Vertical Divergence of Cultivable Microfungal Communities Through Biocrusted and Bare Soil Profiles at the Tabernas Desert, Spain

Isabella Grishkan, Roberto Lázaro, Giora J. Kidron

Research output: Contribution to journalArticlepeer-review


We examined the depth-wise distribution of microfungi through 0–30 cm soil profiles under different surface types—cyanobacterial crusts, three lichen-dominated crusts, and non-crusted bare surface located at the north-oriented slope and sun-exposed plain at the Tabernas Desert, Spain. A total of 116 species from 60 genera was isolated using the soil dilution plate method. High ultraviolet and solar radiation, high temperatures and desiccation caused the dominance of species with the protective dark pigmentation and partly with the protective many-celled spore morphology in the majority of uppermost communities. At the same time, deeper layers were mostly inhabited by light-colored fungi producing a high amount of small thin-walled spores—thermotolerant Aspergillus spp. (at the depth of 1–5 cm) and mesophilic Penicillium spp. (at the depth of 10–20-cm, with the increase much more pronounced in the north-oriented profiles). Limited water infiltration in the fine-grained Tabernas soil causing the deposition of spores of aspergilli and penicillii at the depth of 1–10 cm most likely led to the substantial increase of isolate densities at these depths. Among environmental aspects, soil depth most strongly governed the microfungal communities, highly significantly influencing all their characteristics; meanwhile, habitat position and surface type significantly affected only the communities’ composition.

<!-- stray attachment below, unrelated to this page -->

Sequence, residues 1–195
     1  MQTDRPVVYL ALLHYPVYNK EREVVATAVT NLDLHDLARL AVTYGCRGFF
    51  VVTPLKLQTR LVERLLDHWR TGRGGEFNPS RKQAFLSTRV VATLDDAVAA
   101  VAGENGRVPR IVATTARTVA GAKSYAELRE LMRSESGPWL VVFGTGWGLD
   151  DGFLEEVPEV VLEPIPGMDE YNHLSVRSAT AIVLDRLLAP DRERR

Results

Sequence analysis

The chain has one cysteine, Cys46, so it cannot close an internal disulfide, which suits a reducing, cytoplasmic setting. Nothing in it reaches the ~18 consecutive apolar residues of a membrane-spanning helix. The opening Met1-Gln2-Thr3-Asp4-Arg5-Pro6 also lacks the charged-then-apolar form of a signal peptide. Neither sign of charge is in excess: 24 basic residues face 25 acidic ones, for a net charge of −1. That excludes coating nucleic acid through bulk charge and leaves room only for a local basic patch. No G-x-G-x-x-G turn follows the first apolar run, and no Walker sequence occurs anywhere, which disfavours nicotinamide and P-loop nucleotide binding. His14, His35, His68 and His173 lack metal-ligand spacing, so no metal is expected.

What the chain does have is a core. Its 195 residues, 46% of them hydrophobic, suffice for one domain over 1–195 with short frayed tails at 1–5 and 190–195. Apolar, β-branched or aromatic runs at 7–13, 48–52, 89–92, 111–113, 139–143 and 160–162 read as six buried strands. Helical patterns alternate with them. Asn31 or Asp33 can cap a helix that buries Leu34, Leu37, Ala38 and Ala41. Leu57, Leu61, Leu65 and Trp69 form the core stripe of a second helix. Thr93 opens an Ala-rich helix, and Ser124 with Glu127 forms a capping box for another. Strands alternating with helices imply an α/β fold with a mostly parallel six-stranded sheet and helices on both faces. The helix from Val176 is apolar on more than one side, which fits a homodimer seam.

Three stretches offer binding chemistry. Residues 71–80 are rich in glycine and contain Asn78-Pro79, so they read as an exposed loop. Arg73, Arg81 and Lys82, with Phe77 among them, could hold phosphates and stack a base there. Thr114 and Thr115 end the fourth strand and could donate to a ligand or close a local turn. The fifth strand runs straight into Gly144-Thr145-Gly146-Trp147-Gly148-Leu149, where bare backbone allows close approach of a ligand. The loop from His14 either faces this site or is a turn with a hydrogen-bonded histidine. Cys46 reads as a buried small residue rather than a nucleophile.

Original languageEnglish
Pages (from-to)534-549
Number of pages16
JournalGeomicrobiology Journal
Issue number6
StatePublished - 1 Jun 2020

Bibliographical note

Publisher Copyright:
© 2020, © 2020 Informa UK Limited, trading as Taylor & Francis Group.


  • Aeration
  • Biological soil crusts
  • diversity
  • microfungi
  • soil texture
  • water infiltration

ASJC Scopus subject areas

  • Microbiology
  • Environmental Chemistry
  • General Environmental Science
  • Earth and Planetary Sciences (miscellaneous)


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